Category : Alternate Operating Systems - Quarterdeck DesqView, CP/M, etc
Archive   : QWHITE13.ZIP

Output of file : MOUSEDRP.TEC contained in archive : QWHITE13.ZIP

ID:MD Mouse Droppings in DESQview
Quarterdeck Technical Note #238 Filename: MOUSEDRP.TEC
by Michael Bolton CompuServe: MOUSDR.TEC
Last revised: 5/11/92 Category: DV

Subject: What to do if you encounter unsightly "mouse droppings" -- coloured
text blocks that are left in the wake of the mouse -- under DESQview.

Q. What are those strange trails of oddly-coloured characters that are left on
the screen when I move my mouse in a DESQview window?

Q. What can I do to fix the problem?

A mouse is a seemingly simple thing; roll it around on your desk and the mouse
cursor moves with it. Much more is going on than meets the eye, however. In
order to give the impression of a smooth, dynamic pointer, your mouse driver
and your display have to do quite a bit of work. Your mouse driver must
report any changes in the mouse's position to the system, and the screen must
be updated accordingly. This involves keeping track of the colour of the
character (or, if the screen is in a graphics mode, the range of pixels) to
which the mouse is being moved, changing that colour (or range of pixels) to
that of the mouse pointer, and restoring the area to its original state when
the mouse is moved away. Extra overhead on your system can complicate matters

When some aspect of your mouse's setup is incorrect, or is in conflict with
another piece of hardware or software on your system, a trail of blocks of
odd-coloured characters may appear on your display when you move your mouse in
a DESQview window. These have come to be called "mouse droppings" by
Quarterdeck Technical Support, for reasons so obvious that no-one will
actually admit to authorship of the term.

Mouse droppings are usually seen in program running in a virtualized window --
that is, one in which the following conditions are met:

1) The system is running DESQview 386 (that is, DESQview and QEMM-386 are
running on the same 386 or 486 processor).

2) The program in running in a window whose DESQview Program Information File
(".DVP file") has "Virtualize Text and Graphics" set to "Y" or "T".

(For more information on virtualizing, see Quarterdeck Technical Note #229
(VIRTUALI.TEC), "What is Virtualizing?")

DESQview's default behaviour is to give the mouse to the foreground window,
and virtualize it. There are several things that can interfere with this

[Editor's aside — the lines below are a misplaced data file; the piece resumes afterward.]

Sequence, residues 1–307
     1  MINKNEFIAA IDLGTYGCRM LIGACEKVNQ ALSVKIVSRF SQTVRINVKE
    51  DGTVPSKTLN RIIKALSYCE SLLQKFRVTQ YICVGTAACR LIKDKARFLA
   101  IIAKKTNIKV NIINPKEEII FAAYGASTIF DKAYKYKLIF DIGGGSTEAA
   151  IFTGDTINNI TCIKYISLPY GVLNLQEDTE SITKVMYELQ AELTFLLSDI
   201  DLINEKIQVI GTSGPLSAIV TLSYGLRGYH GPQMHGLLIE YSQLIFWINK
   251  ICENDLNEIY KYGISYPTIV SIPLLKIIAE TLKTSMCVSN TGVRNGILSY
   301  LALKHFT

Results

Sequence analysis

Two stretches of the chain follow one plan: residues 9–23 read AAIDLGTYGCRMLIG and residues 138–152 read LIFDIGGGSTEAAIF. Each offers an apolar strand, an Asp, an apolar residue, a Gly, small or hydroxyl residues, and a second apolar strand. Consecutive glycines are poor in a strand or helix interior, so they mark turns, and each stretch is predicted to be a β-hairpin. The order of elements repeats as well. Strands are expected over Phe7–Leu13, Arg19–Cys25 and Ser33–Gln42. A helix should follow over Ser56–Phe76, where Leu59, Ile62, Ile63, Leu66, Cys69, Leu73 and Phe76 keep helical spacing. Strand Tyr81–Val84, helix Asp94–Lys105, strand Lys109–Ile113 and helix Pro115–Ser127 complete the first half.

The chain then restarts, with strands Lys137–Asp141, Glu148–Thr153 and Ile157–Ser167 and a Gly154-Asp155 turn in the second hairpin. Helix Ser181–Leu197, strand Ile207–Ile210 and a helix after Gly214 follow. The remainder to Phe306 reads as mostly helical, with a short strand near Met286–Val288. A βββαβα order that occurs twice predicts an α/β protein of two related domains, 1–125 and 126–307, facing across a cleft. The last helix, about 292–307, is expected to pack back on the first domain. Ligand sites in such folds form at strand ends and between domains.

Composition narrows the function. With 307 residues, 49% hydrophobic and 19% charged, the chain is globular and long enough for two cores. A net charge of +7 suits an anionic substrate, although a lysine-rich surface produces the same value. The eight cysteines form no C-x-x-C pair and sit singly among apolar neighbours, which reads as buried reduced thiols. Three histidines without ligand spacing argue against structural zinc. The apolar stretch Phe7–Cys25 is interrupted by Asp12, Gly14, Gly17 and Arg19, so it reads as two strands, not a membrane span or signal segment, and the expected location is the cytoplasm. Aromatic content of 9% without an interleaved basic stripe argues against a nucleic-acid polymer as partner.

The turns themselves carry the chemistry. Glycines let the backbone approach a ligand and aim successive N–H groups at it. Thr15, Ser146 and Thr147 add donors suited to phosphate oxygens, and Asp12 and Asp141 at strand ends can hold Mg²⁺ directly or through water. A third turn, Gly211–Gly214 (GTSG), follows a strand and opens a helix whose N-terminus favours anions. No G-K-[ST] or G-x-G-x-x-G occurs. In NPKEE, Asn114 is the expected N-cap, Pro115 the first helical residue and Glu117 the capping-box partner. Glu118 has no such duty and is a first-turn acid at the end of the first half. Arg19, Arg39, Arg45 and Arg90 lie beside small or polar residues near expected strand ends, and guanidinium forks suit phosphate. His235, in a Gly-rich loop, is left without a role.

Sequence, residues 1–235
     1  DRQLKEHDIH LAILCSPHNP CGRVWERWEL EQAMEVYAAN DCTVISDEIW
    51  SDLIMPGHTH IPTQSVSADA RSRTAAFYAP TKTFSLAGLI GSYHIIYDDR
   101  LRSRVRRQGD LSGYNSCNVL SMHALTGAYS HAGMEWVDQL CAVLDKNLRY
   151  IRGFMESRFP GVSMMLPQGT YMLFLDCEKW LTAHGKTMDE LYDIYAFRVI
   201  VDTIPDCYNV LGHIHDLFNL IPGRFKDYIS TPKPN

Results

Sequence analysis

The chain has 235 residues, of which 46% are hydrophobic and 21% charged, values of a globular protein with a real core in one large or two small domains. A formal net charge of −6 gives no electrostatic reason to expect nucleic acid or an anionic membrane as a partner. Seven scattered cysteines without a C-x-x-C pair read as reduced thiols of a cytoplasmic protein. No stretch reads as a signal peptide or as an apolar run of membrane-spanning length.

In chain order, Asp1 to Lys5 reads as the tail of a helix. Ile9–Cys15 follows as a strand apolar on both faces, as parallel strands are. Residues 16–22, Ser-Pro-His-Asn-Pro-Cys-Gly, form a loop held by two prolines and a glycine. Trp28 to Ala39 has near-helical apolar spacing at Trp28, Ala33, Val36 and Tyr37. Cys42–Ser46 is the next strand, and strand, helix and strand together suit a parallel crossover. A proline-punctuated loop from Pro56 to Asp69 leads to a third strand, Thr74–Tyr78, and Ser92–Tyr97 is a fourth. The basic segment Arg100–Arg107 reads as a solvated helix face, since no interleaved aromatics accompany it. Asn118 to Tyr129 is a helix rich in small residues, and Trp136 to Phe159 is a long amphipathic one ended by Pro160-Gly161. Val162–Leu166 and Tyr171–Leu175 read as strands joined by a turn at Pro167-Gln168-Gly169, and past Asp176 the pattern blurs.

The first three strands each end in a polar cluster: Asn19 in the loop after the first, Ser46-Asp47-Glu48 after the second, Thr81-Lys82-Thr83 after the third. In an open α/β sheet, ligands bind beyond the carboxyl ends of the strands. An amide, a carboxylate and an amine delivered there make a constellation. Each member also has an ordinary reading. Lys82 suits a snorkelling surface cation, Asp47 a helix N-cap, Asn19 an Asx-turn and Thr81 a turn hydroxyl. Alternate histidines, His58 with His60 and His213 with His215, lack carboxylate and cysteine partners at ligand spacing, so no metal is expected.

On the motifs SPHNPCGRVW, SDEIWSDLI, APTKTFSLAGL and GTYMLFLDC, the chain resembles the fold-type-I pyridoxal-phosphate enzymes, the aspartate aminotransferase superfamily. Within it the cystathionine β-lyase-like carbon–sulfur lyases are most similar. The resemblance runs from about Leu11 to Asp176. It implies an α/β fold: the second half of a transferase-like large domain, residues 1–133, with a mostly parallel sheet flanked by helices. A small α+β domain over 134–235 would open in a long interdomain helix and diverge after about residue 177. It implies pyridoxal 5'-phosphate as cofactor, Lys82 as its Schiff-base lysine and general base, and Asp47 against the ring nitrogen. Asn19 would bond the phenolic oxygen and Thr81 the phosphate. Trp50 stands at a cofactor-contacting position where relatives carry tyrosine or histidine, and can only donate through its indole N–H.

behaviour and contribute to the relatively rare problem of mouse droppings,
and thus there are several potential solutions.

Mouse droppings can often happen when you have incorrectly informed DESQview
which port the mouse is using. This is done in the Setup DESQview program in
the Advanced Options / Mouse screen. In general, port 0 (add-on board) is the
best choice; this is appropriate for "bus" or "port" mice -- those which plug
into a special mouse connector, rather than into a 9- or 25-pin serial port.
If DESQview does not find an add-on board with a mouse connected to it,
DESQview will find a mouse attached to any other port; try specifying port 0
as the mouse port. However, if you are certain that you are using a serial
mouse, and if you are certain which serial port the mouse is using, you may
specify 1 for COM1 or 2 for COM2.

Historically, mouse droppings have been seen more often on systems that are
using a mouse driver loaded in CONFIG.SYS than those which are using a mouse
driver loaded in AUTOEXEC.BAT, but they can occur in either case. Try
switching; if you are using MOUSE.SYS in CONFIG.SYS, try MOUSE.COM in
AUTOEXEC.BAT instead, or vice versa.

If you are getting droppings in a non-virtualized window, try turning
virtualization on.

Ensure that there are no pieces of hardware contending for the IRQ that your
mouse is using. Be especially aware of modems that are using the same
hardware interrupt as the mouse.

DESQview has historically supported all mouse calls which were valid at the
release time of the DESQview revision in question; undocumented mouse calls
can sometimes result in this phenomenon.

In DESQview 2.40, 2.41, and 2.42, with QEMM-386's Stealth active, and with a
mouse on IRQ 2, mouse droppings can be remedied by the DESQview startup
parameter /HW:71:2. More generally, starting DESQview with the parameter
/HW:nn:FUV can relieve mouse droppings, where nn is the interrupt associated
with your mouse driver.

If your mouse is on the interrupt number is

COM1 (IRQ4) 0C
COM2 (IRQ3) 0B
COM3 (IRQ4) 0C
COM4 (IRQ3) 0B
IRQ12 (PS/2 style mouse) 74

This parameter instructs DESQview to give the mouse to the foreground window,
to unmask it (that is, to let other interrupts of higher priority occur while
the mouse interrupt is being serviced), and to virtualize it.

If none of the above suggestions provide a solution to your mouse dropping
problem, Quarterdeck would like to hear about it.

*This technical note may be copied and distributed freely as long as it*
*is distributed in its entirety and it is not distributed for profit. *
* Copyright (C) 1992 by Quarterdeck Office Systems *
************************ E N D O F F I L E *************************